2013 Jubilarian – Kathleen (Kathleen Mary) O’Brien

Jble O'BrienSister Kate O’Brien received an IHM education at Sacred Heart Grade School in Dearborn and St. Mary Academy. Sister Marie Chantal presented the idea of becoming a sister to her when she was inquiring about college.

She initially dismissed the thought, but after that conversation Sister Kate, “knew without a doubt I was coming to the community. It was deep in me. It was very grounding to know, but I kept it a secret for some time.” Eventually she told her parents.

Looking back, she notes with amazement how of the skills and experiences she had in IHM ministries prepared her for the next ministry, “how one thing has unfolded out of another.”

Initially, Sister Kate taught in primary grades and in high school, first at St. Mary of Redford and then a four-room school in Emmett, Mich. She returned to Monroe, teaching at the Hall of the Divine Child, and then to St. Regis in Bloomfield Hills, Mich., and Immaculate Heart of Mary High School, Westchester, Ill.

She ministered for four years as Northwest Province provincial secretary and treasurer before serving in formation, working with sisters who had made temporary vows.

While volunteering at a prison, Sister Kate recognized a call to become a prison chaplain. She ministered to inmates for 15 years at the federal prison in Lexington, Ky., and a women’s correctional facility in Gatesville, Texas, where she became the first woman chaplain in the Texas prison system.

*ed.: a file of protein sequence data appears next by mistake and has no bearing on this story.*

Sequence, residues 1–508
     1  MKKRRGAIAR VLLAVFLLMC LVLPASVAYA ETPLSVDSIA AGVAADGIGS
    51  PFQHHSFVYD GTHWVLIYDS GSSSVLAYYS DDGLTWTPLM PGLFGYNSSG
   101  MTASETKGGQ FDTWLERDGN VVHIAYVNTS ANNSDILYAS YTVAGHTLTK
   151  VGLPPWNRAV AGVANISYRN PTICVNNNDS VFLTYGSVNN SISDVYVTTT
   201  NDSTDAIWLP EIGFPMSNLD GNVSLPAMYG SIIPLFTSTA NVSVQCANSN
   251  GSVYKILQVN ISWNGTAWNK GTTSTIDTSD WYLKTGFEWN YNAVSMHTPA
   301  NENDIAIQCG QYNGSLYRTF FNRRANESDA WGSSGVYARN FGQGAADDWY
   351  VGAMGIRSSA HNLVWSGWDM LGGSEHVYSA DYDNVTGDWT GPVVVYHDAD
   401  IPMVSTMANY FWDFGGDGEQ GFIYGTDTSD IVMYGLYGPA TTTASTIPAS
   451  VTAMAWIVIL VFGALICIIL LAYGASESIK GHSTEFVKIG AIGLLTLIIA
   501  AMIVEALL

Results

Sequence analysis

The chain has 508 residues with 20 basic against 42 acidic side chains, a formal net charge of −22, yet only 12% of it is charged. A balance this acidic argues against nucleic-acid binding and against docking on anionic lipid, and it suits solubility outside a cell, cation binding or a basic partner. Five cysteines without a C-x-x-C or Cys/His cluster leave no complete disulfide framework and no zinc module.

“I met some remarkable people in prison and discovered far more immaturity than evil,” she says. “Many of the women never learned social skills. It broke my heart to see the same patterns with their kids.”

You don’t have to be physically present to feel the connection from the community.
- Kathleen O'Brien, IHM

She was impressed by the resilience of the women to endure prison and still remain hopeful. She found the most important tool she had was her ability to listen.

Sister Kate was elected to serve on the IHM Leadership Council from 1994-2000. “That was another great experience,” she says. “I learned so much working with our leadership group. There is such a gift in collaborative ministry.”

Following her term of office, she took a three-month sabbatical and discovered a talent for watercolor painting. She exhibits and sells her beautiful art work, which helps support the community.

After her sabbatical, Sister Kate partnered with Sister Marie Sweeney as campus minister at Marygrove. Since 2004, she has been a hospice chaplain in Monroe. In ministering to patients and  families and when asked to lead funeral services, she “keeps death in the context of faith, reminding those who grieve that their loved one belongs to God, lived in God and now lives on in God – death is a transformation into a new way of living in God.”

Sister Kate is profoundly grateful for being part of the IHM community. “The importance of prayer in our life and the sense of community among us have been tremendously grounding for me on many levels.”